Inside UK’s illegal Wegovy market: How super-strength dose of miracle ingredient behind weight loss jab ‘is being sold online for up to £115’ – despite being marked NOT fit for humans and leaving buyers bed-bound and vomiting
- British man Dennis Dale sells semaglutide ‘not fit for human consumption’ online
- Read more: Maker of ‘miracle’ weight loss jab Wegovy kicked out of trade body
Pharmacists have today raised the alarm about ‘miracle’ weight loss jab Wegovy’ being sold online illegally.
Semaglutide is the key ingredient behind the fat-fighting loss injection that has taken Hollywood by storm, and was recently approved for use on the NHS.
But amid a general shortage of the drug, Dale Dennis, an OnlyFans model and personal trainer from Howden, East Yorkshire, is selling 10mg packets for up to £115.
These bottles carry labels clearly stating ‘not for human consumption’, and his website Raw Supplements UK states the drug is sold for ‘research purposes only’.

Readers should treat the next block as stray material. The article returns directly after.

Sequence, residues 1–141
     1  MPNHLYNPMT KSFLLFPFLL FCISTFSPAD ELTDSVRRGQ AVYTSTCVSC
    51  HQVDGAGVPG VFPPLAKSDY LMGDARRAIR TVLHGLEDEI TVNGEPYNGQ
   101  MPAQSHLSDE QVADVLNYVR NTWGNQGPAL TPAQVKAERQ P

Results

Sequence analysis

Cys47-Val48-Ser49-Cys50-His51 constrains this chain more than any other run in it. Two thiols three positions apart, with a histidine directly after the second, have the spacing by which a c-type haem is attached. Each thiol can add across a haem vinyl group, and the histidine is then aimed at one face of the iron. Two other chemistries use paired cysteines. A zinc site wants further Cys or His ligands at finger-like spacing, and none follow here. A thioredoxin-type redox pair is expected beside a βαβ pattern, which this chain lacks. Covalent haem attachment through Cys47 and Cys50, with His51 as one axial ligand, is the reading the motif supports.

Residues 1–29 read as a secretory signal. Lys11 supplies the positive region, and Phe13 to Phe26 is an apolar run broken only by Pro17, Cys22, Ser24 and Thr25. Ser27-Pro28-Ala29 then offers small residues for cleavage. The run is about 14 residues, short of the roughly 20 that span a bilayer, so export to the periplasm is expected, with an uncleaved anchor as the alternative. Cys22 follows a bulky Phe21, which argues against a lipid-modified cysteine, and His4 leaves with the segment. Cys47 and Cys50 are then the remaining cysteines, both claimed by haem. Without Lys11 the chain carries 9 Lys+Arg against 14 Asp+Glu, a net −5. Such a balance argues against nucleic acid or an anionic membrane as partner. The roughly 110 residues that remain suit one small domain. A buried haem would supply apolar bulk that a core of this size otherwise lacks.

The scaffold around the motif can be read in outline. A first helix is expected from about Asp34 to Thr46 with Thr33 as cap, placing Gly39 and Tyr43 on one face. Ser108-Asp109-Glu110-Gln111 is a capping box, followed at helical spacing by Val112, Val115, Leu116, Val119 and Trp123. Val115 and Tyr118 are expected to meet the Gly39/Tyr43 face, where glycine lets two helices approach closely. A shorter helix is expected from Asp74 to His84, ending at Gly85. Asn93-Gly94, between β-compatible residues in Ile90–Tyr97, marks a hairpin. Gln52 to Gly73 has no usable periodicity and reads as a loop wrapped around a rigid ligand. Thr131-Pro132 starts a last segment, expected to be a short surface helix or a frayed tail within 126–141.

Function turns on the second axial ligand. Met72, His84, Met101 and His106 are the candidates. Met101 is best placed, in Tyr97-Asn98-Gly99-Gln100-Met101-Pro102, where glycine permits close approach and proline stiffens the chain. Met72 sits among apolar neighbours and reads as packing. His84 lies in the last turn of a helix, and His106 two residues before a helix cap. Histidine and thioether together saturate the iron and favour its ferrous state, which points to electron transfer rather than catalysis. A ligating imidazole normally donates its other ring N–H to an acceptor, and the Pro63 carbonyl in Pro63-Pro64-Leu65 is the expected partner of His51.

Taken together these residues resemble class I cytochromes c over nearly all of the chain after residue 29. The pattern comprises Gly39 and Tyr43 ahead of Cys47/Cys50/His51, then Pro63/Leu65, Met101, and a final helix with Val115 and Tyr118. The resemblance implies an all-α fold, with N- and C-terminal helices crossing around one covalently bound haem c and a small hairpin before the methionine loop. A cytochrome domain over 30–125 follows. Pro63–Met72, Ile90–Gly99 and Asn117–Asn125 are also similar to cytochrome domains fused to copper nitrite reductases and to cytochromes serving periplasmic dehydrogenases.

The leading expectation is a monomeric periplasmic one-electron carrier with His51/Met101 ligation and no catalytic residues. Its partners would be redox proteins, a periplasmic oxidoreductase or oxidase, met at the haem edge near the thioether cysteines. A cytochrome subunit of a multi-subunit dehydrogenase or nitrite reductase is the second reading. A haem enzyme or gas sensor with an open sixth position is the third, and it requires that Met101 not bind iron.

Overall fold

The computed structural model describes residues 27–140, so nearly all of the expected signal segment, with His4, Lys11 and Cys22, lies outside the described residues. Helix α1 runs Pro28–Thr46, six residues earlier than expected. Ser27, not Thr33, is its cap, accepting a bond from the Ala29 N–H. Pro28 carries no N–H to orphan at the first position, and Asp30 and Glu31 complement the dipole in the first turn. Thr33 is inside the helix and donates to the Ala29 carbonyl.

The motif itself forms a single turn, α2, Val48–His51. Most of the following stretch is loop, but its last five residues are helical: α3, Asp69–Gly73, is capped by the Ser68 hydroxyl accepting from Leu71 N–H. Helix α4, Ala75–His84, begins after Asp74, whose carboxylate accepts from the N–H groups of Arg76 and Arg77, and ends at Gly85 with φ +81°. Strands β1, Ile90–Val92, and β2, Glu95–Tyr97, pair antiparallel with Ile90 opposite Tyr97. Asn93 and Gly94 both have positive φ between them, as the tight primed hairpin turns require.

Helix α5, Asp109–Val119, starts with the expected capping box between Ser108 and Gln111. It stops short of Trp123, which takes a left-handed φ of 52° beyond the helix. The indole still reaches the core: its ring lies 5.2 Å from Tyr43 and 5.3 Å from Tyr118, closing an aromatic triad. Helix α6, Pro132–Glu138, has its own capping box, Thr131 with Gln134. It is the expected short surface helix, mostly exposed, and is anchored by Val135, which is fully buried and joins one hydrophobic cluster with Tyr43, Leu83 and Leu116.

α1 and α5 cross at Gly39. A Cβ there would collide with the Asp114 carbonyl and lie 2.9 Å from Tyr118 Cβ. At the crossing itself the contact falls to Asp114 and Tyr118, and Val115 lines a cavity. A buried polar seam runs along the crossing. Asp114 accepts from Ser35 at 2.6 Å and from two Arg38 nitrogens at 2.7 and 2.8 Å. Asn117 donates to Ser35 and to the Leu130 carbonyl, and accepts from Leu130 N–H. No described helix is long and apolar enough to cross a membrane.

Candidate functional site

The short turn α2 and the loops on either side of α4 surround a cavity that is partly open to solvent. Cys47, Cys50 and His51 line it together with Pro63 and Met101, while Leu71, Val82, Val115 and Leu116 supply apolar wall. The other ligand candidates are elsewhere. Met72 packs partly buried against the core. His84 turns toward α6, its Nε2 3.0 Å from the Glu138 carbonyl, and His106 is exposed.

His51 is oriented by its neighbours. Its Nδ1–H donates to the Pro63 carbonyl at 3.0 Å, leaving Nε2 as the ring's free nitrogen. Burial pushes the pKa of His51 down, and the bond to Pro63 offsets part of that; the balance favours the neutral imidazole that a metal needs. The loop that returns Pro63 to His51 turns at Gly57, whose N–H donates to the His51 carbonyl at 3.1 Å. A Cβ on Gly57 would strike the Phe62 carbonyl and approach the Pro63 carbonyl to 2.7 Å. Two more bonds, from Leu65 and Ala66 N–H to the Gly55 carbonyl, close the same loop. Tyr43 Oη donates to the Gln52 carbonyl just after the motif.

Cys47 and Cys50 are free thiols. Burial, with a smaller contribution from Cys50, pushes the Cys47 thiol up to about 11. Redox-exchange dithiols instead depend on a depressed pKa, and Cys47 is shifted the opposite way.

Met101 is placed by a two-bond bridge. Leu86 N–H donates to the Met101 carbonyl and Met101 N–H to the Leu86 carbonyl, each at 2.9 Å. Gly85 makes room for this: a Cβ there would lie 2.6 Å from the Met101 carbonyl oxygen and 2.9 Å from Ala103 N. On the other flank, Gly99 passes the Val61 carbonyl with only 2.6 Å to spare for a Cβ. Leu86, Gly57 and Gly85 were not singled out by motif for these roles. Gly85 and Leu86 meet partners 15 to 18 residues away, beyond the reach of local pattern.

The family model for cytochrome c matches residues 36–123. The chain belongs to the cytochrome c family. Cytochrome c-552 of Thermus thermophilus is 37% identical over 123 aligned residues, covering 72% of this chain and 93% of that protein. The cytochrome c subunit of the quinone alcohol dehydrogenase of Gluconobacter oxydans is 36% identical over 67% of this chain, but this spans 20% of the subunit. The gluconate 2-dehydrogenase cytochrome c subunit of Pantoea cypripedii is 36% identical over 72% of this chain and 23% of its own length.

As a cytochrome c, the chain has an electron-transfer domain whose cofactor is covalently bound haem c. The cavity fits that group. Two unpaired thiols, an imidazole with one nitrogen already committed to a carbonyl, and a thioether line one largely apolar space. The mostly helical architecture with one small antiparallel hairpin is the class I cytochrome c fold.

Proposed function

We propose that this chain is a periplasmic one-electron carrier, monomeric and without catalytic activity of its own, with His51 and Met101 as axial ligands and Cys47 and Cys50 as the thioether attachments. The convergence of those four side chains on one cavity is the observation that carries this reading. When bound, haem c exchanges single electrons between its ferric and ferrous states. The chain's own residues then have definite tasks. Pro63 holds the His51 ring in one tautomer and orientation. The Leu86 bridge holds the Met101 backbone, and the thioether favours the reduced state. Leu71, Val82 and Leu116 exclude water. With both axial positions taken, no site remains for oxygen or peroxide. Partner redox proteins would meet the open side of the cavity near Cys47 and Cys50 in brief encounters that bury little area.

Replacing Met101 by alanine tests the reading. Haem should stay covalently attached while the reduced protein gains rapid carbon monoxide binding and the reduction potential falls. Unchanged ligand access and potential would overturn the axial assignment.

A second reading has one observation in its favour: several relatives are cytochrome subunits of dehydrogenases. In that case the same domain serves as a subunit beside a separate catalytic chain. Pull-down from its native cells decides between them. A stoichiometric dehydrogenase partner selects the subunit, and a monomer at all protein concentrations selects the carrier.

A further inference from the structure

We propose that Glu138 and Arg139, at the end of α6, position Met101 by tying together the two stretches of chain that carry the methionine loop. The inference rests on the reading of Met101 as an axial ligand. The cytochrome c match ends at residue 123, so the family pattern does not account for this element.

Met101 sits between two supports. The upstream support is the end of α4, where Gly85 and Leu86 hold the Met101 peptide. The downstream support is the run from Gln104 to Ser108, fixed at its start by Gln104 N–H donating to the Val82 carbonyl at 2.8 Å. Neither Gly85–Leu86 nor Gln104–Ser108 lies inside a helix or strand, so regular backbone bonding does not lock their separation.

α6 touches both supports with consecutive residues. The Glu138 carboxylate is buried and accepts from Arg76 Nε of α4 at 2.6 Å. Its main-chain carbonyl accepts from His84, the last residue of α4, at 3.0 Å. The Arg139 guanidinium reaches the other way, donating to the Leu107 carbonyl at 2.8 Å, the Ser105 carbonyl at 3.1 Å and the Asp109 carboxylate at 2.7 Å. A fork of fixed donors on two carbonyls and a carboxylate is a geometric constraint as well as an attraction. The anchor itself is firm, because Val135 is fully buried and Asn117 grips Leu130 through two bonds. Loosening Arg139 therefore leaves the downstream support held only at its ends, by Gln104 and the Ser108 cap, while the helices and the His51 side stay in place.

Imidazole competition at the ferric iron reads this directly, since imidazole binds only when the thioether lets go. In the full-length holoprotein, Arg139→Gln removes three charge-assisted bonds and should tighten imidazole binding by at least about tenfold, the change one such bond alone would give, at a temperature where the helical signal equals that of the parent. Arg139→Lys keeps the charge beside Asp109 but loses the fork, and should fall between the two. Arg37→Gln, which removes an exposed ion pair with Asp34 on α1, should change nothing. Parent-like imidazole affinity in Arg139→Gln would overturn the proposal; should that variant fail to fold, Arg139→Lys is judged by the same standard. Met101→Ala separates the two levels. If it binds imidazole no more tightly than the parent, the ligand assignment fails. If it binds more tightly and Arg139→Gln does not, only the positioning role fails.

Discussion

However, on multiple social media profiles linked to his business Mr Dennis encourages people to take the drug to help them lose weight and directing them to his website to secure a supply.
Dale Dennis posts multiple videos online encouraging Brits wanting to lose weight to buy semaglutide from him for cheaper than the pharmaceutical version
The business behind the online sales, Raw Supplements UK, provide everything a buyer needs to self administer the drug like needles and sterile water, but say they ‘do not provide advice on how to administer this product under UK law’
Semaglutide, the so called ‘miracle’ ingredient behind the weight loss jab Wegovy is being flogged online by unscrupulous sellers to Brits desperate to lose weight in bottles labelled ‘not for human consumption’ and for ‘research only’
But some buyers who claim to have taken the drug have reported being ‘bed bound and throwing up’ for two days.
It is unclear if Mr Dennis is actually selling legitimate semaglutide or another kind of substance.
He has stated that he gets it ‘100 vials at a time’ from a source in ‘America’ on a social media post seen by MailOnline.
This post was made to seek to reassure prospective buyers he was not supplying them with ‘cheap Chinese stuff’.